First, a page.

“All Blood Runs Red”
Phil Keith with Tom Clavin
Hanover Square Press, $27.99
On the surface, “All Blood Runs Red” by Phil Keith and Tom Clavin is a heroic story, an uplifting portrait of a unique individual, and an engaging account of a glamorous age framed by the two world wars. But between the lines runs an ugly undercurrent — suggested by the title — which adds to its impact.
Eugene Bullard was, some would say, a lucky guy. Born to an African-American father and Native American mother in the American South at the close of the 19th century, he ran away to find his fortune when still a boy and headed north, charming his way into hospitality with gypsy horse traders and work in a livery business, and jockeying his boss’s steeds to victory. He had ambition and wanderlust and a determination to end up in Paris.
He got there in the end, as a stowaway of course, but via Britain, where he became a boxer and a vaudevillian traveling across Europe. Successful in both these pursuits, he finally made it to Paris in the fateful spring of 1914. By August, France was at war with Germany.
He volunteered for the Foreign Legion, saw action, earned military awards and decorations, including the Croix de Guerre at Verdun, and made important lifelong friends. He became a fighter pilot with the Lafayette Flying Corps, the group to which all American pilots in Europe belonged before the U.S. officially entered the war.
“He always flew with a large red heart painted on each side of his fuselage, right behind the cockpit. The heart bled, pierced by a dagger. Above the heart was stenciled the following: Tout Le Sang Qui Coule Est Rouge,” hence the title. (A note to the reader: In their quotation, the authors make one of several errors in French. In this case, they spell the French world for blood as sange instead of sang.)
By October of 1917 Bullard had flown 20 combat missions when he ran head-on into American racism. “The French were lucky to have him and the Americans would have been fortunate to have him as well . . . but they didn’t want him.”
“General Pershing’s staff convened an examining board to review potential pilots for transfer from the French escadrilles to the American Air Service,” and one of the four board members was a Californian, Dr. Edmund Gros, “a figure of great importance in aviation in the early days of the war, and an American who had powerful connections and an abiding prejudice against blacks. . . . Eugene Bullard truly was a hero of France. . . . Even so, Dr. Gros wanted him removed from the air completely. . . .” (The U.S. military was not desegregated until 1948 by order of President Truman.)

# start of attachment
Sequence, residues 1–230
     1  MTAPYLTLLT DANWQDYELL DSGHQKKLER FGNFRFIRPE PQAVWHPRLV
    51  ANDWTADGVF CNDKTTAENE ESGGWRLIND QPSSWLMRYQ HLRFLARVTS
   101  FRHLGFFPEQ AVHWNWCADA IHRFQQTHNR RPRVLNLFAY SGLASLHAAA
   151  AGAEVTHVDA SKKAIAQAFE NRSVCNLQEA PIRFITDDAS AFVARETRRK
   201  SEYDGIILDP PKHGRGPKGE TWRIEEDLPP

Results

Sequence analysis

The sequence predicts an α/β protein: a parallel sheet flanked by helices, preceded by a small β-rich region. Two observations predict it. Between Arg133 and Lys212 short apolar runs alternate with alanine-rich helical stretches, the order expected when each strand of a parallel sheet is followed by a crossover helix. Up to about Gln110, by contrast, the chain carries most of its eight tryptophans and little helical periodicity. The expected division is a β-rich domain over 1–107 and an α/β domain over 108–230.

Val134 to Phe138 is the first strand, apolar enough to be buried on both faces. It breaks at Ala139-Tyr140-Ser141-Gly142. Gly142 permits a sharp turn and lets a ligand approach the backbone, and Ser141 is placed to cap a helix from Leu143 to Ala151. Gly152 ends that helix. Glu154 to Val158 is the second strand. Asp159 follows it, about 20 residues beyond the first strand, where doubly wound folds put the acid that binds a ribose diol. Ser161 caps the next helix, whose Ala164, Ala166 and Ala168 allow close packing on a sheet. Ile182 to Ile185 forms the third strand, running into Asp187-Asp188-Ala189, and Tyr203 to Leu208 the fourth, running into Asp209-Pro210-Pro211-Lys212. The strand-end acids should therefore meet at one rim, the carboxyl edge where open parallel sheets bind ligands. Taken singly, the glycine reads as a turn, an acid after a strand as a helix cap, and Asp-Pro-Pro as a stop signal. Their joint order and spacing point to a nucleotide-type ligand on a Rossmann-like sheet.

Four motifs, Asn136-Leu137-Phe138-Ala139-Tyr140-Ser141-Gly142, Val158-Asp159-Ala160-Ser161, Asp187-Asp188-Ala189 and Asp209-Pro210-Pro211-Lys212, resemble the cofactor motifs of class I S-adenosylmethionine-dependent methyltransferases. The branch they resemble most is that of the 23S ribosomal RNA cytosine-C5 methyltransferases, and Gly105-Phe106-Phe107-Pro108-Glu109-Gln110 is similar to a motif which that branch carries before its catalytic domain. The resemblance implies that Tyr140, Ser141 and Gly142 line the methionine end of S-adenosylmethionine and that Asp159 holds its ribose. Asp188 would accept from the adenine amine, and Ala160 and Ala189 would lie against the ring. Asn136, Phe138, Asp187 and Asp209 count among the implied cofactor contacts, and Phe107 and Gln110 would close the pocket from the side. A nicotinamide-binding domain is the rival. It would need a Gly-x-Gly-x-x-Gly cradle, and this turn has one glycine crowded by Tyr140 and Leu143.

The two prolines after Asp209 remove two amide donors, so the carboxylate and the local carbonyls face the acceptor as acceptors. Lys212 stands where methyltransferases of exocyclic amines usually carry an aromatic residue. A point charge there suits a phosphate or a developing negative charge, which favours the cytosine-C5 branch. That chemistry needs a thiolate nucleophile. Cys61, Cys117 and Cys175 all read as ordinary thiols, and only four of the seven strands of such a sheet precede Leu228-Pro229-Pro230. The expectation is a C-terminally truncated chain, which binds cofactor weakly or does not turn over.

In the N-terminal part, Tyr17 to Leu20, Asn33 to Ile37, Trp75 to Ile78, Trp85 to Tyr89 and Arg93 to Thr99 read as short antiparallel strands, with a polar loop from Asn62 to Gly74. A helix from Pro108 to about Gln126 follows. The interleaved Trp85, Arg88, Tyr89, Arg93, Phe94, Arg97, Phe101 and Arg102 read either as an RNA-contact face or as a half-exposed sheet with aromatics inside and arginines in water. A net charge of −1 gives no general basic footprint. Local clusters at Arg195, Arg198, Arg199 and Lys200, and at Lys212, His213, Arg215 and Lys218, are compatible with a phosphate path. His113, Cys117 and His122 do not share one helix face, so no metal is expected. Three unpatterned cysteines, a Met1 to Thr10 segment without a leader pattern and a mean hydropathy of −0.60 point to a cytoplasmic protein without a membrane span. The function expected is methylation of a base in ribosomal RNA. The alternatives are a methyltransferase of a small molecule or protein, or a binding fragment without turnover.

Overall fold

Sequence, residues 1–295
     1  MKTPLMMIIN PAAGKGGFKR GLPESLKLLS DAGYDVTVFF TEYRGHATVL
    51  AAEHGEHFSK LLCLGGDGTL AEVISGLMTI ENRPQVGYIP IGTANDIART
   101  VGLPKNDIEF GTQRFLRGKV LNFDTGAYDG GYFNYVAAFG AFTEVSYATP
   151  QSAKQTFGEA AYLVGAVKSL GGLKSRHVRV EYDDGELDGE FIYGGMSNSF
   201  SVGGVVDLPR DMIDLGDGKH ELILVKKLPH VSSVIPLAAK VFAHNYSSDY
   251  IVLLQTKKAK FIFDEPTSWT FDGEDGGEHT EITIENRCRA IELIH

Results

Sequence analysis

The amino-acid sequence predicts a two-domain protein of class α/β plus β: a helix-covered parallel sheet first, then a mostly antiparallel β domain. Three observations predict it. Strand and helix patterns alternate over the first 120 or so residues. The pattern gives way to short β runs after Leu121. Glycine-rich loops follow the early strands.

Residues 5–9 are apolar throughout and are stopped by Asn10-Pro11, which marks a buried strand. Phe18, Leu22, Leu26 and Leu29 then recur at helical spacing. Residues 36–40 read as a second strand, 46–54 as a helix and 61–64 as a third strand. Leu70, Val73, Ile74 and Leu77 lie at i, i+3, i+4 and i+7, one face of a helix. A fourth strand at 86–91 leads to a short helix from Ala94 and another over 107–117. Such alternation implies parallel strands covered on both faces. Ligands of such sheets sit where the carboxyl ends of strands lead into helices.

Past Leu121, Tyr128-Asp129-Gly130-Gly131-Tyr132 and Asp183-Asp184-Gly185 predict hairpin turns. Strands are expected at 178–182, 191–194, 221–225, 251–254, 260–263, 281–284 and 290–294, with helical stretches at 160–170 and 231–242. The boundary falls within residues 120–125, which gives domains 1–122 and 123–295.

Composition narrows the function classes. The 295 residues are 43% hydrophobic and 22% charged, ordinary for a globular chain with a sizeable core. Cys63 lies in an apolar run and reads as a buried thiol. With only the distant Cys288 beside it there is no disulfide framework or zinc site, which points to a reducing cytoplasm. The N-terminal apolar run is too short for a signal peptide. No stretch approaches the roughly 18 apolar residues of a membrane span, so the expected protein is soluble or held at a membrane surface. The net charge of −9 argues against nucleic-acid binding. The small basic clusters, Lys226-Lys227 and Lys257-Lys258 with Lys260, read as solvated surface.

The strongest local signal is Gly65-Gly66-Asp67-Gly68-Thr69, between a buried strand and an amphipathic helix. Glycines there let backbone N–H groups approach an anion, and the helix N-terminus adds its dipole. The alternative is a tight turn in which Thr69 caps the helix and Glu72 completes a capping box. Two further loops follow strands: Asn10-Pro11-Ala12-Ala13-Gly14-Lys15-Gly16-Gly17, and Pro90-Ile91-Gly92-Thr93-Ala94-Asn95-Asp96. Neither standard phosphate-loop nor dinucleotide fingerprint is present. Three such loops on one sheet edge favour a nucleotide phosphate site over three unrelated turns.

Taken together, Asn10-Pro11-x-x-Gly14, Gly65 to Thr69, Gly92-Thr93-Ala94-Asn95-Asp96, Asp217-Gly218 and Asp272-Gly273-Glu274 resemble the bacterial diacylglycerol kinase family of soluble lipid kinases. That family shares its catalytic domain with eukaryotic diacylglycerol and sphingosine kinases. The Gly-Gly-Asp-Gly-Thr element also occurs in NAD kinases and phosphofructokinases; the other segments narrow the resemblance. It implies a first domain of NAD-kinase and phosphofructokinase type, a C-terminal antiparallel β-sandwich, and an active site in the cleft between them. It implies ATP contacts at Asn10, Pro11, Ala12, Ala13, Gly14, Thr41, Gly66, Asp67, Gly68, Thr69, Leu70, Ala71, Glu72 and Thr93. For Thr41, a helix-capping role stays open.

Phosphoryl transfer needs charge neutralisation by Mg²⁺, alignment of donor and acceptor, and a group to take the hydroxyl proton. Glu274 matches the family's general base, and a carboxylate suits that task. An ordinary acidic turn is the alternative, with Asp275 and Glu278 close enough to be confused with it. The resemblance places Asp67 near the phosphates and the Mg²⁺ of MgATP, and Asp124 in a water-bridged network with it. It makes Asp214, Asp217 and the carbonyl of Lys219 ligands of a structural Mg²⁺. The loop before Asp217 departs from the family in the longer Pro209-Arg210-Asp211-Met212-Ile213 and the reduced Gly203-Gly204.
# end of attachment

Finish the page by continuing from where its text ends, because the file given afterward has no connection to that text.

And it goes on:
The war over, Bullard settled in Montmartre, “the epicenter of the cultural revival of postwar France . . . les années follies” (the authors mean folles). He became a drummer and opened a series of “bottle clubs” that featured American jazz.
At first his color was a mark of authenticity to Europeans, but then “the popularity of the postwar Paris art, music, and cultural scene attracted hundreds of thousands more Americans [who] brought their American-born prejudices with them.” Ugly incidents took place but were not tolerated by French authorities.
“It was a heady time for Eugene Bullard, grand impresario of a nightclub he had brought to life with his own hard work and gusty determination.” His customers included Nancy Cunard, Anita Loos, Charlie Chaplin, Cole Porter, Ernest Hemingway, F. Scott Fitzgerald, Pablo Picasso, Man Ray, Gloria Swanson, and the Duke of Windsor. Luminary musicians performed there: Mabel Mercer, Josephine Baker, Louis Armstrong, and a redhead singer known as Bricktop.
When war with Germany loomed once again, Bullard, by now multilingual, signed up with the spy agency known as Le Deuxième Bureau — for which he would be honored by the French government — to keep an eye on German Nazis living in Paris. In his club, intriguing “Casablanca”-like episodes transpired. Eventually, like Ilsa and her husband in the iconic movie, he had to make his way to Lisbon to find a ship sailing for America. He had a hatful of francs, which with the German occupation of France had become worthless by the time he reached America.
Disembarking in New York, he discovered he was the only veteran not to be offered support, the only black veteran stepping off the S.S. Manhattan that day.
Eugene Bullard died in 1961 at age 66. I won’t spoil the reader’s discovery of his last years by outlining them here. There are surprises, both sad and gratifying, but never to the credit of his fellow citizens. The man was extraordinary, really. This is a good read.
Ana Daniel, a graduate of Stony Brook Southampton’s M.F.A. program, is retired from business and teaching. She lives in Bridgehampton.
Phil Keith is the author of “Stay the Rising Sun,” among other books of history. He lives in Southampton. Tom Clavin’s previous was “Wild Bill.” He lives in Sag Harbor, which is where the two will read from “All Blood Runs Red” at the Eastville Community Historical Society on Dec. 21 at 2 p.m.